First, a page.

Do you recall talking with a colleague or employee about a topic where you expressed your opinions, they expressed theirs, and how they differed. Yet when you left the conversation, their opinion dramatically shifted to your point of view. And during the exchange, you believed in your heart that if they implemented your recommendation it would have a positive impact on the way they see their leadership style both on a personal and professional level.
What role does manipulation play in this situation?
Manipulation is DISGUISED as influence. The meaning of manipulation depends on the context of the situation in which it is used.
Do you manipulate to influence a situation that turns bad to good, or manipulate to influence a business opportunity or move a person to action, or use manipulation as a weapon for the purpose of immoral influence?
One thing is certain about manipulators, they are skilled at taking control of any mind that is weak and undisciplined. Anyone with marginal awareness skills is an easy target for manipulators. They revel in the thought of testing our mental toughness and our determination to resist the manipulative pull of the moment.
What common traits exist between the skills of manipulation and leadership?
You should not be surprised to hear that many commonalities exist between leadership and manipulation. These include:
• The ability to inspire others to take action.
. The use of intention.
• The ability to affect the individuals’ psychological and emotional state of mind.
If the commonalities are the same, what is the difference between a leader who manipulates people for the purpose of benefiting others, and a leader who employs manipulation as a weapon to benefit their own agenda?
Leaders fueled with immoral intent use manipulation to fool, control, scheme, or exert unjustifiable influence over a person or situation, exploiting the victim to serve their own agenda. At one time or another, we have all been at the receiving end of their skilled wickedness only to realize later what happened. But how do you know you are being manipulated in a negative fashion?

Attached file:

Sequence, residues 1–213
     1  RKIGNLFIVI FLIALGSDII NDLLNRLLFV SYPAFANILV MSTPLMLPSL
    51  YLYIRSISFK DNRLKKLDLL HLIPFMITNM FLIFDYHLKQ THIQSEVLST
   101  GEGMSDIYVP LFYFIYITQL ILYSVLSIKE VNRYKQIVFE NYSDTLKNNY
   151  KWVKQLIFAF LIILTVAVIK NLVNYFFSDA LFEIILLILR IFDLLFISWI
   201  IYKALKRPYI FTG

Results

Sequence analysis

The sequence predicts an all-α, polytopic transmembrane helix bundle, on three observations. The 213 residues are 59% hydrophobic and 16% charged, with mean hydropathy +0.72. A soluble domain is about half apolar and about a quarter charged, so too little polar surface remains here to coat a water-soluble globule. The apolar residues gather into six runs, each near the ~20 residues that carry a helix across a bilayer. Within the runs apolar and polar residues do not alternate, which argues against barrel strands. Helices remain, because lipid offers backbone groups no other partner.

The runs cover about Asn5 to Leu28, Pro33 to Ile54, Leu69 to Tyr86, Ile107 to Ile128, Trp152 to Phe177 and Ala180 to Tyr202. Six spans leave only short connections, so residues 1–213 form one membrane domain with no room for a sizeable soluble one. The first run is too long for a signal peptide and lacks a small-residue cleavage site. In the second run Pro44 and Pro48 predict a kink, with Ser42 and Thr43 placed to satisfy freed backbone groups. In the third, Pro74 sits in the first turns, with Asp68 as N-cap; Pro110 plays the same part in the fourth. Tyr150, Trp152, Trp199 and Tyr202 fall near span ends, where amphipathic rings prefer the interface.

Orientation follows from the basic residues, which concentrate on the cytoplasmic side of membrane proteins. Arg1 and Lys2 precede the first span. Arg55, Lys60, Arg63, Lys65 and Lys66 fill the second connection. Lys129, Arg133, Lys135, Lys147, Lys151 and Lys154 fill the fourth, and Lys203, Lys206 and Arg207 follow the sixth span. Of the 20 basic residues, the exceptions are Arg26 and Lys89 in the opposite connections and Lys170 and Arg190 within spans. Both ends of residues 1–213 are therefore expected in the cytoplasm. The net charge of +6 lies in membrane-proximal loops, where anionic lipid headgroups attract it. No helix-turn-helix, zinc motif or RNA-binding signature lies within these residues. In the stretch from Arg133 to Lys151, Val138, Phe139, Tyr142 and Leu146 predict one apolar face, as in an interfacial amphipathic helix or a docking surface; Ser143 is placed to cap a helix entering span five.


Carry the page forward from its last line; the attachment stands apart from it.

Self-serving manipulation involves a leader who
• Twists your words to mean something other than your intent to serve the leader’s own agenda
• Magnifies your weaknesses and insecurities so you feel wholly dependent on their guidance
• Redirects opinions you express with ambiguous responses for the purpose of leaving you confused, bewildered and under their control
Leaders fueled with moral intent, by contrast, apply manipulation to sway others to positive action, help them bounce back from a setback, make wise decisions, or guide them toward achieving a purpose that benefits them and their environment.
How do you know you are being manipulated for the better?
• Show greater confidence in using a skill that once limited your options
• Feel mentally and emotionally ready to perform better and move through life with more zeal and motivation
• Express more passion in the meaning of the work you do, exhibiting the energy and desire to do more and contribute more
As professionals committed to moral leadership, we have an uncompromising duty to use our influential skills with awareness and intent. When you apply it with extreme care, and are mindfully aware of its end result, you create a remarkable brand of
Influence has long been seen as an integral part of leadership. Why not make yourself the kind of leader who has the ability to use manipulation that benefits everyone, personally and professionally?
Copyright 2017 Jennifer Touma mindscapemind.com